User privacy is very important to BitTorrent, Inc. I am sure all client implementors are cognizant of their many competitors. Fearing exodus, most implementors probably do not stray beyond reporting traditional tracker statistics and contacting auto-update servers.
In particular BitTorrent mainline and uTorrent clients report NO statistics about how clients are used except tracker stats, and these tracker stats are not reported to BitTorrent, inc., but rather to the tracker(s) for each torrent the client is downloading or seeding. Thus BitTorrent, inc. has less information about how its clients are used than do many public tracker sites. BitTorrent, inc. logs every contact to our autoupdate servers, and we have tracker logs when someone downloads from BitTorrent.com.
Autoupdate logs give us some notion of how many people use BitTorrent mainline and uTorrent, what versions they are using, and how many days out of the year and at what time in the day they turn on their clients, but autoupdate logs provide no further insight into how the clients are used. BitTorrent does not have statistics on how many people use BitTorrent mainline or utorrent and have autoupdate turned off.
Since the vast bulk of downloads are not from BitTorrent.com and because BitTorrent.com swarms are much smaller than many swarms found on popular public tracker sites, our tracker logs provide a very limited peek into how clients are used.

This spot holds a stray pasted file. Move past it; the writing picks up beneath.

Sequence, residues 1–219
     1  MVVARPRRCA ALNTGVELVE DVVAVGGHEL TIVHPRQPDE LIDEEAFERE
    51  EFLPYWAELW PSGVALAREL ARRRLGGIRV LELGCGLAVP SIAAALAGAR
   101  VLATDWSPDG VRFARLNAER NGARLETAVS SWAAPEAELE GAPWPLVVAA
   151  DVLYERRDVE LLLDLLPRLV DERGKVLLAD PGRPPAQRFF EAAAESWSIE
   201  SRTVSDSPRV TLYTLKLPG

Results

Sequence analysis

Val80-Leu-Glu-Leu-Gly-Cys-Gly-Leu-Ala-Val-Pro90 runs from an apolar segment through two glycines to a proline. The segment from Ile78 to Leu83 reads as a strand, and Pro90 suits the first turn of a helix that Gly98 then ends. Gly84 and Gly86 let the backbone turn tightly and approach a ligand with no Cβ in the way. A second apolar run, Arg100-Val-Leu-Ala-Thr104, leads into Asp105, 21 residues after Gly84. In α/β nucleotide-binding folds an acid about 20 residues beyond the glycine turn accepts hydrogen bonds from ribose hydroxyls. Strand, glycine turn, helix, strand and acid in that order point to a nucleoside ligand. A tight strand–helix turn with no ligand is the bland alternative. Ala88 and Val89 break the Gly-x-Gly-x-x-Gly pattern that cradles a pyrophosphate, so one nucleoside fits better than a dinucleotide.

We are unable to provide good answers to some very basic questions, such as:
- how many swarms does a user typically join?
- how many files does a user queue for downloading?
- how much peer capacity goes unused?
- how well do clients allocate capacity to swarms that really need capacity?
- how many trackers does a client typically talk to simultaneously?
- what are the seed/partial seed/downloader distributions on each of the swarms a client has joined or has queued?
Answers to these questions would enable researchers to build models of user behavior which could be used to optimize clients to better allocate resources. Furthermore such questions can be answered without revealing user identity, and without revealing what is being downloaded or from whom.
BitTorrent, Inc. will not gather statistics to answer these questions; therefore, it falls upon the community to willingly aid in the research and development of the BitTorrent protocols.
Anyone willing to write an instrumented variant of an open-source client and release it via bittorrent.org, please contact the editors of BitTorrent.org or post to the forums.
Are users willing to participate by using a client that reports anonymous statistics?
Any gathered statistics would be made publicly available via bittorrent.org.
If considerable number of users are willing to use such a client we can develop (or help to develop) something useful for the research community....
I guess number of users should be several 10's of thousands as the network include millions of users, otherwise it would not be representative of the actual network